§ Mr. LEE
That opens up a fascinating vista of controversy. I do not think it is sufficient that this nation should rely entirely upon the Territorial Force having that peculiar effect upon foreign nations that they shall send just that particular force which can be intercepted by our Navy. That assumes a combination of circumstances in our favour which may not always be realised. But I do not want to say anything unnecessarily discouraging about the Territorial Force, which I have always frankly admitted I do not believe is a force capable of defending this country against invasion. After all, we have the Territorial Force, and, as the right hon. Gentleman and others have said, we have to make the best of it.
I want to deal more particularly with a point which has been mentioned more than once, but which was not adequately dealt with by the right hon. Gentleman in his reply, namely, the Mediterranean Command. Many of us have followed the fortunes of this new appointment from the first with considerable interest. In the other House Lord Crewe complained that the criticism directed against this appointment was of a belated character. I am sure the right hon. Gentleman will not make that accusation against us here, because, from the very first, we have protested against the appointment. We have never had from the Government any satisfactory explanation of why it was instituted, or of what are the functions 786 which the officer holding it will have to perform; and when we got a sort of explanation from the right hon. Gentleman this afternoon it was even more comic than one could possibly have anticipated. The right hon. Gentleman referred to the appointment. As he knows only too well, the appointment has been considerably varied since it was introduced to an admiring country. It has gone through many kaleidoscopic changes which are now frankly set forth in the White Paper which was issued the other day. I can only apply to this White Paper the language of "Alice in Wonder land." Following the appointment from its inception to its later stages it becomes "curiouser and curiouser." And really in its latest stage it seems even more indefensible than in the first place. What was the real history? The right hon. Gentleman rather gave us to believe this after noon that this appointment was originally instituted—that the original inception was the need for an officer to relieve the Inspector-General of the forces at home from the duty of inspecting the British forces overseas. It has gradually grown; but if the right hon. Gentleman will look back—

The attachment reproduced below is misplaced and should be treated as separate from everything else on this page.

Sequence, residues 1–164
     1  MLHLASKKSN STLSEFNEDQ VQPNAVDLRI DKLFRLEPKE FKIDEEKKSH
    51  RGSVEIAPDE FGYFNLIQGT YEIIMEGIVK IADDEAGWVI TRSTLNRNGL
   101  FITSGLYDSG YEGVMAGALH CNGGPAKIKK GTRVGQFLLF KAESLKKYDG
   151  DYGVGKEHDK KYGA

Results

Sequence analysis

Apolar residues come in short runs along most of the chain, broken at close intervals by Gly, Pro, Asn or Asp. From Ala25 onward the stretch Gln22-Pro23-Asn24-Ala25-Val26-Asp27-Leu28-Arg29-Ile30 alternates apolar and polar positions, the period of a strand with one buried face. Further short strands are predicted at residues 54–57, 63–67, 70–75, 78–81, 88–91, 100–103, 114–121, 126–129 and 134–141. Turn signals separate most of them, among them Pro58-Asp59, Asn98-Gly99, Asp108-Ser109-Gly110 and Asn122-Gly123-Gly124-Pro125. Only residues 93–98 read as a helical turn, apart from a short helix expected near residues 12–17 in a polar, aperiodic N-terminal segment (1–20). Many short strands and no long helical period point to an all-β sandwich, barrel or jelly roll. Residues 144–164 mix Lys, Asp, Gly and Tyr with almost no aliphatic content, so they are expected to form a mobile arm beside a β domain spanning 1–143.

§ Mr. HALDANE
I say the position of Inspector-General was a necessity which resulted from the conference of last August—a conference representative of the Overseas Dominions, which came to an agreement on these matters.
§ Mr. LEE
I understand the War Office has not yet come to any agreement with regard to the Overseas Dominions so far as the inspection of their forces by this officer is concerned. We were told in the other House that that matter had been definitely postponed until after the Colonial Conference of next year.
§ Mr. HALDANE
At the request of Canada Sir John French went out to inspect the forces there. At the request of Australia Lord Kitchener went there. We have no reason to doubt we shall have further requests from other portions of the Empire for the inspection of their troops. Of course, we shall send nobody unless he is invited.